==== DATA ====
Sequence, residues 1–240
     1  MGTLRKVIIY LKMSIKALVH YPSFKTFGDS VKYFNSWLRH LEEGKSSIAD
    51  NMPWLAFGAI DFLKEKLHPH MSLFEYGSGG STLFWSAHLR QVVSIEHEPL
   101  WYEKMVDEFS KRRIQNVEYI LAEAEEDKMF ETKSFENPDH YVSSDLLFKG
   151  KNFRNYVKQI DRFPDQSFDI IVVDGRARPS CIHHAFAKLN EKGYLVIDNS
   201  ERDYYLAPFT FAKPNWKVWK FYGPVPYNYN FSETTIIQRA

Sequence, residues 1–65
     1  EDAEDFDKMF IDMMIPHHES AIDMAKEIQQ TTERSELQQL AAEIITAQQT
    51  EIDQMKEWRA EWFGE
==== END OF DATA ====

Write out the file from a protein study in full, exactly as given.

Sequence, residues 1–240
     1  MGTLRKVIIY LKMSIKALVH YPSFKTFGDS VKYFNSWLRH LEEGKSSIAD
    51  NMPWLAFGAI DFLKEKLHPH MSLFEYGSGG STLFWSAHLR QVVSIEHEPL
   101  WYEKMVDEFS KRRIQNVEYI LAEAEEDKMF ETKSFENPDH YVSSDLLFKG
   151  KNFRNYVKQI DRFPDQSFDI IVVDGRARPS CIHHAFAKLN EKGYLVIDNS
   201  ERDYYLAPFT FAKPNWKVWK FYGPVPYNYN FSETTIIQRA

Sequence, residues 1–65
     1  EDAEDFDKMF IDMMIPHHES AIDMAKEIQQ TTERSELQQL AAEIITAQQT
    51  EIDQMKEWRA EWFGE